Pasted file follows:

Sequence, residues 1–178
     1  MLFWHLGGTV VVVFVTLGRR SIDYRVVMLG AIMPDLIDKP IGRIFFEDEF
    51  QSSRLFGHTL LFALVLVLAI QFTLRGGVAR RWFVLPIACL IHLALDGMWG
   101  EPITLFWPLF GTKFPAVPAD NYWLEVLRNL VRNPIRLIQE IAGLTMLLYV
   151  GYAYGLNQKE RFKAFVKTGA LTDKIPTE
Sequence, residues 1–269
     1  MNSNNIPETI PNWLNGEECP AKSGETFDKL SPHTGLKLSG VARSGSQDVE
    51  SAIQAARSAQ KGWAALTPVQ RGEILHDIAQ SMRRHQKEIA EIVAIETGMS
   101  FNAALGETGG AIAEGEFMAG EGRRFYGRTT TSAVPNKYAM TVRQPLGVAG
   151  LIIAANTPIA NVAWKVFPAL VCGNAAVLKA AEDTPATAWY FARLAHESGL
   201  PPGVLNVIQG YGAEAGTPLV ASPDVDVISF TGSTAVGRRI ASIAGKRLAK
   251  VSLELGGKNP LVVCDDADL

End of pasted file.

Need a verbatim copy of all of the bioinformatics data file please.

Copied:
Sequence, residues 1–178
     1  MLFWHLGGTV VVVFVTLGRR SIDYRVVMLG AIMPDLIDKP IGRIFFEDEF
    51  QSSRLFGHTL LFALVLVLAI QFTLRGGVAR RWFVLPIACL IHLALDGMWG
   101  EPITLFWPLF GTKFPAVPAD NYWLEVLRNL VRNPIRLIQE IAGLTMLLYV
   151  GYAYGLNQKE RFKAFVKTGA LTDKIPTE
Sequence, residues 1–269
     1  MNSNNIPETI PNWLNGEECP AKSGETFDKL SPHTGLKLSG VARSGSQDVE
    51  SAIQAARSAQ KGWAALTPVQ RGEILHDIAQ SMRRHQKEIA EIVAIETGMS
   101  FNAALGETGG AIAEGEFMAG EGRRFYGRTT TSAVPNKYAM TVRQPLGVAG
   151  LIIAANTPIA NVAWKVFPAL VCGNAAVLKA AEDTPATAWY FARLAHESGL
   201  PPGVLNVIQG YGAEAGTPLV ASPDVDVISF TGSTAVGRRI ASIAGKRLAK
   251  VSLELGGKNP LVVCDDADL